“All the Flowers of the Mountain”

>> Read an excerpt

Where to find it:

SunLit present new excerpts from some of the best Colorado authors that not only spin engaging narratives but also illuminate who we are as a community. Read more.

A local independent publisher named Karen Wyatt of Sunroom Studios offered to help; friends I have in the New York publishing world jumped in to get the project edited, copyedited, designed and proofread in record time. In July of 2022, three months after I had had brain surgery, Sunroom Studios published “All the Flowers of the Mountain.” Holding a final copy of this book that has meant so much to me, and that so many people stepped up to help me with, has been one of the great experiences of my life. 

I recently had the chance to present a copy of “All the Flowers of the Mountain” to Dr. Kevin Lillehei, my neurosurgeon at UC Health Anschutz. I am immensely grateful to the team at the University which includes neuro-oncologist Dr. Douglas Ney and radiation-oncologist Dr. Timothy Waxweiller. Upon receiving the book, Dr. Lillehei teared up and gave me a huge hug. Without this team that includes a number of other incredibly empathic professionals, I would not be around today.

SunLit: If you could pick just one thing – a theme, lesson, emotion or realization — that readers would take from this book, what would that be? 

Holbrook: Believe in second chances. As long as you are alive there is always another opportunity to learn and grow, to become a better version of yourself, more of the person you would like to be. And if you are really lucky, sometimes love offers you a second chance, too.

SunLit: In a highly politicized atmosphere where books, and people’s access to them, has become increasingly contentious, what would you add to the conversation about books, libraries and generally the availability of literature in the public sphere?

Holbrook: In my opinion, one of the biggest problems for writers comes as a result of the forces of capitalism that reduce the number of individual creative voices in favor of profits and “sure bets.” 

Most bookstores will not stock books that do not come through the channels created by the Big Five publishers (let me add that my local independent bookstore is one staunch outlier to this trend). Because of their size, these five publishers – who own most of what were once smaller, independent houses – can afford to offer attractive “free returns” policies on all their books. A bookstore can order books and whatever they don’t sell they return to the publisher without having to pay for them.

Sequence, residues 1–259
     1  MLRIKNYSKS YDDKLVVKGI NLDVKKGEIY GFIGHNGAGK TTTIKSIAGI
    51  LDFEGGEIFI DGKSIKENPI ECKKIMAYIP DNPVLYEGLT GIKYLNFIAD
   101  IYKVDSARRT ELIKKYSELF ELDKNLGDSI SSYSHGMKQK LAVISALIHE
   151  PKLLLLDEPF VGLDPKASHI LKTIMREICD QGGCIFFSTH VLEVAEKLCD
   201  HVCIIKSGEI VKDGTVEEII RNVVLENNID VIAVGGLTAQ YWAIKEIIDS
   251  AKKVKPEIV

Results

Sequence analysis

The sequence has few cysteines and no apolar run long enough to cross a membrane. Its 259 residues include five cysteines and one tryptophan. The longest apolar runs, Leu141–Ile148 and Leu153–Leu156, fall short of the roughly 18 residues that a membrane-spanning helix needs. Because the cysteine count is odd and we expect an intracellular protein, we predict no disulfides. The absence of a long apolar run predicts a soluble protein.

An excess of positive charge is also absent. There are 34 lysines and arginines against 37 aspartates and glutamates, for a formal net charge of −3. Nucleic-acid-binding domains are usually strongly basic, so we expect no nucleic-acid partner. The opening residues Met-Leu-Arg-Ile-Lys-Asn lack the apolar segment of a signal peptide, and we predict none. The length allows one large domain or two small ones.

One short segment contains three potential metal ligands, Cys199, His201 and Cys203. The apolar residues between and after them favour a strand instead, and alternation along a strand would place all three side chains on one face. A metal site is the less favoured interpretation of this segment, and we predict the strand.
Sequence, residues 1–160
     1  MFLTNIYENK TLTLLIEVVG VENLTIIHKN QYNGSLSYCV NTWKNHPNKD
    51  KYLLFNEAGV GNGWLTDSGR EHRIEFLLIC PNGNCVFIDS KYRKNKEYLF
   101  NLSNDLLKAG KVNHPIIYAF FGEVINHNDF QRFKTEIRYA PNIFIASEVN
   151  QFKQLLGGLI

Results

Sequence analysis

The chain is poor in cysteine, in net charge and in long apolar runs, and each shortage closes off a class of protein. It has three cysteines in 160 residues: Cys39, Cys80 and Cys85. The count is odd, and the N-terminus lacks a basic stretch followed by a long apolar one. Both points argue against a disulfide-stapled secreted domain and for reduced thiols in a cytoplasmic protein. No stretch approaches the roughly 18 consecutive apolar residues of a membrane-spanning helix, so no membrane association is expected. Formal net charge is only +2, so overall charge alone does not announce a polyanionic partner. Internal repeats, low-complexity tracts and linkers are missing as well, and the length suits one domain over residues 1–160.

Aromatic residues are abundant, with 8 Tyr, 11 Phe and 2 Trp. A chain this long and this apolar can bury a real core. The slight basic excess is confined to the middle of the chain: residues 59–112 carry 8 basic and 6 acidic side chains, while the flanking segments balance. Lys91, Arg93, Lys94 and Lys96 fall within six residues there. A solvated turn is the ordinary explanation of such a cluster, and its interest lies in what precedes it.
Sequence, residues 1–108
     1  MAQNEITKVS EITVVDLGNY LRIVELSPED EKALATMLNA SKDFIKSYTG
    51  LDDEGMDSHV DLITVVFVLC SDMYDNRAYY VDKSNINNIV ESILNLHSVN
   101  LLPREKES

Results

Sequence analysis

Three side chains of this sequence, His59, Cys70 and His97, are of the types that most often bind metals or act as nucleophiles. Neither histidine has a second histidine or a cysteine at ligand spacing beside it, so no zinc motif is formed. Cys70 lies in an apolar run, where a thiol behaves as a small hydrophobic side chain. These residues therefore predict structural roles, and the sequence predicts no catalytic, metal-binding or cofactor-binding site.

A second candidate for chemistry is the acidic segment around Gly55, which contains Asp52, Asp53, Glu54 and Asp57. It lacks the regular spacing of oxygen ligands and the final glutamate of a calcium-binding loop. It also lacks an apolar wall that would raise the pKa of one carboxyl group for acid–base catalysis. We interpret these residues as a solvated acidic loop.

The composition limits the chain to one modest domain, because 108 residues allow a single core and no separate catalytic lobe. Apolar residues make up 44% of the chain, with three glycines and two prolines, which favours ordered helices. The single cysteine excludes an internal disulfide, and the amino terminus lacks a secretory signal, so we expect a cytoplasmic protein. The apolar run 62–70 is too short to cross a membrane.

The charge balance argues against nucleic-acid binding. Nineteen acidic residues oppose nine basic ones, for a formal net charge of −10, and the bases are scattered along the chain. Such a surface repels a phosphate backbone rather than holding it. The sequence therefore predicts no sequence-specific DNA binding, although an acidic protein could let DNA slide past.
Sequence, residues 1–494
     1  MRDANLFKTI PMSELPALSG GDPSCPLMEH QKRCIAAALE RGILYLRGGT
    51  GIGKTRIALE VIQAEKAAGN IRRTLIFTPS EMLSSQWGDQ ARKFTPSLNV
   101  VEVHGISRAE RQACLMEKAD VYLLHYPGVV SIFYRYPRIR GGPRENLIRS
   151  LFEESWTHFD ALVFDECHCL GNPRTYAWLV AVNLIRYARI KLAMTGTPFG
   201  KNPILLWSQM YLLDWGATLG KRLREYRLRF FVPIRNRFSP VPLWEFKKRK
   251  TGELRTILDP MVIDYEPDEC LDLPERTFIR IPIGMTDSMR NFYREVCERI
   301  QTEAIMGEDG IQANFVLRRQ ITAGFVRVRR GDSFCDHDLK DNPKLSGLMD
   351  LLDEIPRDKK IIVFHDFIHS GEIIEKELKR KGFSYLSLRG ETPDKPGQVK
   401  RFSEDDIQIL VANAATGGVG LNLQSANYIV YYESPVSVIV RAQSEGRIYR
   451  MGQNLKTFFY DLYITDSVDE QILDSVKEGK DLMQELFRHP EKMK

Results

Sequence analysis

Few if any small publishers can afford to print books, ship them to a bookstore, and then refund the money for books not sold and sometimes even pay for return shipping. Thus, hundreds of authors and books will never appear in your local independent bookstore. Because “All the Flowers of the Mountain” has now won several awards, my small publisher Sunroom Studios is offering a free returns policy — even though we risk a shellacking!

To get through the doors of one of these Big Five, a writer must first secure an agent. To secure an agent a writer must present a work that the agent believes one of these behemoths will be interested in – and that often comes down to politics, celebrity, and social trends that the publishers’ marketing departments find acceptably attractive and low-risk.

In a recent article in the New York Times, the opinion writer argued that in today’s world of publishing the (ultimately) celebrated writer Cormac McCarthy, author of such dark, disturbing works as “The Road,” would never have had his work published. 

My opinion is that we all lose when publishers, bookstores, libraries, and we the reading public are less willing to take a risk on new or original voices. 

SunLit: Walk us through your writing process: Where and how do you write? 

Holbrook: When I am in the middle of working on a project, whether short story or novel, I wake up early. Sometimes as early as 4:30 a.m.! My mind is open and relaxed; I experience that interesting connection to the unconscious dream state of sleep that feeds creative connections. 

Later in the day when I am wound up and feeling blurry eyed, a walk in the woods really helps to clear my head and re-open my mind to possible connections or solutions that may have been eluding me.  

SunLit: How do you write convincingly about characters you know the reader will not like – even characters who are just plain bad and that you, the writer, do not like?

Holbrook: In order to make that unlikeable character in a story believable to the reader, a writer has to reach inside themselves to find what is relatable. How did that character become who they are? Don’t we all possess a “dark side”? So what has made this character take it to the extreme? In some way, I think we writers do relate to all of our characters, be they good, bad or ugly.